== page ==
When 2017’s second DC film release, Justice League, flopped hard (by blockbuster standards, that is) in cinemas, met with scathing criticism and an inbuilt laugh-track surrounding Henry Cavill’s digitally removed moustache, the embers of hope for the floundering DCEU lit by Patty Jenkins’ Wonder Woman appeared extinguished. Competing studio Marvel, meanwhile, obliterated almost every record known to man with the February release of Black Panther, arguably its most successful film to-date (until next month’s Avengers: Infinity War slaughters all before it) and reaffirming it as the template by which all other major franchises are measured. News broke this week of accomplished director Ava DuVernay, the name behind Selma, The 13th, and more recently A Wrinkle In Time, would take the reins of a project near and dear to DC fans everywhere: a film based on Jack Kirby’s New Gods.
DuVernay’s announcement was a surprise of two aspects. First, that DC even had a New Gods film in their plans, and that DuVernay’s attachment to the project came with the same sense of cultural change in Hollywood that accompanied Jenkins’ stewardship over Princess Diana. That Warner Bros had faith in DuVernay’s skill as a director to bring Kirby’s famously widescreen creations to life is testament to their belief in her as fan of the stories. DuVernay’s sharp eye for a story isn’t new, she’s been honing her craft in both fiction and fact for a while now. The keys to a very large kingdom have just been handed to her.
The optics on this decision are, of course, historic. With Jenkins on Wonder Woman about to move into crafting the sequel, a second female director (and a woman of colour, no less) on a major tentpole film is unique in Hollywood’s modern history and has been a long time coming. DuVernay’s ascension to the ranks of such a high profile project isn’t without critique, however, with some fans pointing to the critical drubbing Wrinkle In Time has received as cause for concern. Discussion as to her suitability, similarly to that Jenkins received years before, will continue right up until the New Gods film is eventually released, and if the film is bad then forever after. DuVernay would have known this when she signed on, and her relatively sheltered production over at Disney on Wrinkle In Time will no longer assuage the cesspool of dialogues about to flood her way for every rumour, tidbit or innuendo as to both herself professionally and the film’s production at large.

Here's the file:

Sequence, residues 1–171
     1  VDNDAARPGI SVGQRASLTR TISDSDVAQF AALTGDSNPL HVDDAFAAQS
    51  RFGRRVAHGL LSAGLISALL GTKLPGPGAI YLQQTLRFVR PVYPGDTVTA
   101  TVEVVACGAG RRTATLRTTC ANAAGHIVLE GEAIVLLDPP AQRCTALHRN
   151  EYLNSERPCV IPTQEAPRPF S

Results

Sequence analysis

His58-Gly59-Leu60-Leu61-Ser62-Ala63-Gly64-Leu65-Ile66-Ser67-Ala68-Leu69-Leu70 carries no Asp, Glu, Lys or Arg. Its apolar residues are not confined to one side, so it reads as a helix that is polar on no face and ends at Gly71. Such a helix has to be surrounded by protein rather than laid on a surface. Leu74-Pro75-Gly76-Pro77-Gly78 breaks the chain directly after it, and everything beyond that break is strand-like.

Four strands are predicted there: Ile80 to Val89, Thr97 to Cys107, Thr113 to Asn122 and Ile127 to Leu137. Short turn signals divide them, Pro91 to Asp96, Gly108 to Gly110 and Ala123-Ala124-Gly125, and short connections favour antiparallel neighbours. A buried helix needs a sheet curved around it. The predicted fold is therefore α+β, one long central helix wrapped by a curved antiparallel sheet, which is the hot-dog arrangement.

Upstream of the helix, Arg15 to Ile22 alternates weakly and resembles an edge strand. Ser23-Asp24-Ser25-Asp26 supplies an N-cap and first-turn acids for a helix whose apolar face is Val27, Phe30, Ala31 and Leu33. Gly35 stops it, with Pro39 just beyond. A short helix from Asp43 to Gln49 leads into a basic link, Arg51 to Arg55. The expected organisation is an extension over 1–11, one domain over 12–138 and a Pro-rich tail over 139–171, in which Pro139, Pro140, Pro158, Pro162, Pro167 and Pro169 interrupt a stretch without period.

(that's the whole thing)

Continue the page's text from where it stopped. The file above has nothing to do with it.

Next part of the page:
DC’s film production slate has, until very recently, been a bit of a dumpster fire. Directors come and go, rumours of production issues plague the franchise, and about the only positive note to come out of Justice League, Jason Momoa’s charismatic turn as Aquaman and the upcoming solo film directed by James Wan, is all fans currently have to look forward to. Production photos of the currently-filming Shazam movie have also crystallised into something approximating fun. The fact that DC are taking a chance on the New Gods, a property few casual film fans will have heard of, is interesting in itself. Reports suggest the film won’t be connected with previous DCEU instalments – naturally, that could change through production, and I’d expect some measure of linking to be had between this film and the Justice League characters – which would give DuVernay latitude to really explore Jack Kirby’s world of Apokolips and New Genesis. This might go some way to explaining why we never saw Darkseid, a Superman-level threat, in Justice League as well; DC were saving him for this.
Whatever the New Gods film ends up being titled, the introduction of characters like Big Barda, Scott Free (aka Mr Miracle), Darkseid and Granny Goodness, as well as Orion and Metron, would make for some amazing visuals and could potentially set us up for multiple films set in this universe. Cataclysmic world destruction mixed with an intimate family conflict is a balance that requires a delicate hand to achieve well, but were DuVernay pull it off, could potentially expand the DC cinematic universe well beyond its known boundaries. At the very least, this new direction is an exciting, intriguing development that indicates the studio is at least open to exploring less pop-culture ready properties on the big screen.
© 2018, Rodney Twelftree. All rights reserved.